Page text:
“Largely, this code of silence exists out of fear of a loss to reputation and a fear of litigation,” she said.

‘A spectrum of bullying’

Bullying, Ms Tiernan detailed, can take many forms in the legal profession.

“Often, experienced practitioners themselves who were subjected to dominating and bullying behaviour pass this on, through learned behaviour, as ‘just the way things are’. Often, it can be as result of external pressures which create a feeling of a loss of control causing practitioners to respond by micro-managing those under them,” she said.

“Frequently bad behaviour occurs when a practitioner leaves a firm through excluding behaviour or threats of litigation. Bullying can occur regardless of a practitioner’s place within a firm. For example, it is not always the case that a supervisor bullies an underling.”

Ms Kish also feels that there is “a spectrum of bullying” to contend with.

The most insidious and disconcerting, she said, is gaslighting.

“When this happened to me, I didn’t really understand what it was, but I felt frightened, mistrustful, and started to doubt my own abilities after every interaction with this person. While my experience eventually prompted me to leave that job and start my own firm, I am acutely aware that for every lawyer that successfully overcomes this type of treatment, there are many others who are unable to recover and move forward,” she reflected.

Another, she continued, is conditional kindness.

“It’s where we consider only some as worthy of our kindness and exclude others from this grace. The ‘bully’ in this case can be very pleasant and welcoming to some, but not all. They may seek to foster a reputation that is collaborative, but also drive divisiveness and disunity,” she said.

“This type of behaviour in my experience, is common, and often so subtle it can be difficult to name and call out, which makes it a gateway to increasingly unacceptable behaviours being tolerated and normalised.”


When asked what she thinks gives rise to such behaviour, Ms Kish said that there isn’t really a place for expression of feelings in law.

“Our past hurts or traumas, and also the repression of what we really think and feel, all in the name of politeness and agreement, can be drivers of such behaviour. It is culturally acceptable to say and do nothing, so most people don’t speak out, which breeds bitterness, and fosters hurt,” she submitted.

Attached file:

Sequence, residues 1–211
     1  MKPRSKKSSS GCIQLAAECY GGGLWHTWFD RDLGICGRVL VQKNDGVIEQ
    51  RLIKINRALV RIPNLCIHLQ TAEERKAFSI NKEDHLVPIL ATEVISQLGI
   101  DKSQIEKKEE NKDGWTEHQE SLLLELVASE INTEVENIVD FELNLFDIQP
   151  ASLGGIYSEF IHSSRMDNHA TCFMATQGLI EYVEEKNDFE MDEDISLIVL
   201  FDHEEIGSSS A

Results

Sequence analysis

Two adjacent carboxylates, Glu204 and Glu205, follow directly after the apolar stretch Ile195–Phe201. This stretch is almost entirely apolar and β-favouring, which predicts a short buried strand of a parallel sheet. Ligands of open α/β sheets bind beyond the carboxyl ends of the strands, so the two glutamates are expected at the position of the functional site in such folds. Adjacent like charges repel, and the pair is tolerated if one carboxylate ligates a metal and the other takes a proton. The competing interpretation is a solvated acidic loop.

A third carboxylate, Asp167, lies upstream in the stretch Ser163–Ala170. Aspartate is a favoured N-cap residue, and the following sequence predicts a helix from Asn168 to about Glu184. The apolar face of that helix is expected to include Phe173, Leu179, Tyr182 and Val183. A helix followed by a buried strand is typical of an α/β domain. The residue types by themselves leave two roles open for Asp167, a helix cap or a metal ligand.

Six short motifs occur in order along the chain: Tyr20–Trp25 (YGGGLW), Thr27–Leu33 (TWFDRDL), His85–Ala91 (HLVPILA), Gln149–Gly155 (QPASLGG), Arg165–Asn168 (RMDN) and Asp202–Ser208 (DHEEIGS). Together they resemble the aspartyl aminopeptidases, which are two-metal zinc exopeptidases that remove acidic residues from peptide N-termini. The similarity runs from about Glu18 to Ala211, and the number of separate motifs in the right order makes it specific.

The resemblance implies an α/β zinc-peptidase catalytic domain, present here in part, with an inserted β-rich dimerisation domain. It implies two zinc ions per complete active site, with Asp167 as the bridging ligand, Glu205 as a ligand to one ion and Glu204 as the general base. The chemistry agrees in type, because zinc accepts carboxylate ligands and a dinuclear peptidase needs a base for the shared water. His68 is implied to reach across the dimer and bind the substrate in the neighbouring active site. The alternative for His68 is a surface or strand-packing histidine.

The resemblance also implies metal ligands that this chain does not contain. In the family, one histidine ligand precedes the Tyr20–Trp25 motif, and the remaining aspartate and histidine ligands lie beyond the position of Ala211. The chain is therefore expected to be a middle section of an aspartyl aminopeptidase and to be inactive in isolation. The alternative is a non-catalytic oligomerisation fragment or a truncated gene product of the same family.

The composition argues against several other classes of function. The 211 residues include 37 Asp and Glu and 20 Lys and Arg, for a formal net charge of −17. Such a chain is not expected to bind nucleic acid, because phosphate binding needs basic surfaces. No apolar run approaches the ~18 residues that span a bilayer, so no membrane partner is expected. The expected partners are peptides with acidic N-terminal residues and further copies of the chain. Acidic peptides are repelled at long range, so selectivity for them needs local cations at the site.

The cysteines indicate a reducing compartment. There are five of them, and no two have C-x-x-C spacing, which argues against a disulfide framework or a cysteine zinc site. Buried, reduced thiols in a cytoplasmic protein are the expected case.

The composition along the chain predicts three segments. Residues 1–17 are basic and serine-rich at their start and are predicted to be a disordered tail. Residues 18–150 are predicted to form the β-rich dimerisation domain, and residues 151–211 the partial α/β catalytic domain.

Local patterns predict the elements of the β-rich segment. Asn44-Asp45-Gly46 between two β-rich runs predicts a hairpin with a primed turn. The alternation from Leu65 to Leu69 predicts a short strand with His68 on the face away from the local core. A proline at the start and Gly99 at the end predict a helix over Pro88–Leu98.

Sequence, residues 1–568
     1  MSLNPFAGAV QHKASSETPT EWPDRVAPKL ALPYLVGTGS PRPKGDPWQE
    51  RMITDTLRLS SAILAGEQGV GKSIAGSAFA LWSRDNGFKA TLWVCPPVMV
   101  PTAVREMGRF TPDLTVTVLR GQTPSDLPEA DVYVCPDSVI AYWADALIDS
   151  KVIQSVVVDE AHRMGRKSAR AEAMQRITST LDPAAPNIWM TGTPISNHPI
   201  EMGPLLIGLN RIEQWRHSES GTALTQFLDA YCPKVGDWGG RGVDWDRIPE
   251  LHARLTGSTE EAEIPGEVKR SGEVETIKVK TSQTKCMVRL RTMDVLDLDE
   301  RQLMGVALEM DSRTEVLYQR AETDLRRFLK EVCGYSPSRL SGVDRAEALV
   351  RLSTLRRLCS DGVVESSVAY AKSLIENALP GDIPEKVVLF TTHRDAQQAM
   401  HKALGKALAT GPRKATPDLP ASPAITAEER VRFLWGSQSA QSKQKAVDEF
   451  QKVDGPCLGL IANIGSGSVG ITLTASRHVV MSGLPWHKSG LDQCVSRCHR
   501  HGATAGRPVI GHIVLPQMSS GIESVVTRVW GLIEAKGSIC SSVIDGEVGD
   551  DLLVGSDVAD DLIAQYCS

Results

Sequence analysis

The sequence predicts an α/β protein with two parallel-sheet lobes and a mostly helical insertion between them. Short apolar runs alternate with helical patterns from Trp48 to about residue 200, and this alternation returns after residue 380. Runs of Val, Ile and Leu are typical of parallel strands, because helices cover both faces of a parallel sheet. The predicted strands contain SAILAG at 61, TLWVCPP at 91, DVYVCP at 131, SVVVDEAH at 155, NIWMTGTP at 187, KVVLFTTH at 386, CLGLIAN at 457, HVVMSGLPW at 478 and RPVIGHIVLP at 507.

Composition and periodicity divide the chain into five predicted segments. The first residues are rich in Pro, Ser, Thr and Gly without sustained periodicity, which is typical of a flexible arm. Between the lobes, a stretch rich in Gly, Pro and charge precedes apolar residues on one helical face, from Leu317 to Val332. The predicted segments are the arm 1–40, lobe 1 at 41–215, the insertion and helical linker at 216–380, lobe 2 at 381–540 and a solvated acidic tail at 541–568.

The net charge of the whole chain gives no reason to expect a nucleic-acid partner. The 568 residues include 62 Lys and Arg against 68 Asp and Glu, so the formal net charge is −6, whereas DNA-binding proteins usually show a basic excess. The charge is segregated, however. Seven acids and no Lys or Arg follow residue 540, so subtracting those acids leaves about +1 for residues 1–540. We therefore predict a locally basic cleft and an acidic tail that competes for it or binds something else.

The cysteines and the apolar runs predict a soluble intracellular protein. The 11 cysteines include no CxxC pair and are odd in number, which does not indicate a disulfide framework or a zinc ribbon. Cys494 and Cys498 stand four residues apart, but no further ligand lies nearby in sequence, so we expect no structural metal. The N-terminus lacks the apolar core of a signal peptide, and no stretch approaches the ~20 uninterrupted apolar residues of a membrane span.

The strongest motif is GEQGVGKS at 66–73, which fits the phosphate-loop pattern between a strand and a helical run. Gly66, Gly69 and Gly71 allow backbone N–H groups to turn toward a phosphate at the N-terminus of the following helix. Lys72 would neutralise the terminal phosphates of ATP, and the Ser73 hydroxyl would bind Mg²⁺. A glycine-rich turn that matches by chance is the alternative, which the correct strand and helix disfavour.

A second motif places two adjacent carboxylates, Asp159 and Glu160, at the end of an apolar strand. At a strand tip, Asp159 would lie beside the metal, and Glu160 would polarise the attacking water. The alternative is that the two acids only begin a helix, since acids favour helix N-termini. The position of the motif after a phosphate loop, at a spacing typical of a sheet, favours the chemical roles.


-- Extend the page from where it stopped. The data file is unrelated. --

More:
“Our minds need somewhere to release their troubles. And where one has been denied this, bullying and other bad behaviours can manifest anywhere that feels remotely relevant. A bullying cycle may naturally emerge. Hurt people hurt people, and bullying is very much a reflection of a culture that does not deal very well with its own transgressions and challenges.”

Ms Tiernan backed this, saying that the very nature of the business of law is a driver of such behaviour.

“As lawyers, we understand well that litigation is always on the table as a response to conflict. We make decisions, often commercially with respect to both income and the cost of litigation, not to rock the boat. To suck it up and not complain. Practitioners might be fearful of this imbalance of power when it comes to the costs of litigation,” she said.

“Given the law is traditionally a male dominated profession, this response might be symptomatic of that gender construct. There may also be a demographic impact. Word spreads quickly in certain regions of the legal industry and practitioners may fear tarnishing their own reputation and future employability by speaking out.”

Understanding bad behaviour

As much as there must be adequate support in place for those experiencing bullying, Ms Kish suggested, the profession must pay just as much attention to why bullying continues to be a problem in our profession.

“The culture in our legal community is one which could very much be improved. I have had many discussions with colleagues about this and one perception that emerges is that the law is a particularly challenging profession to work in, due to the type of people it attracts. Competitive, opinionated, elitist even. Put too many of those types of personalities together and there will be conflict,” she said.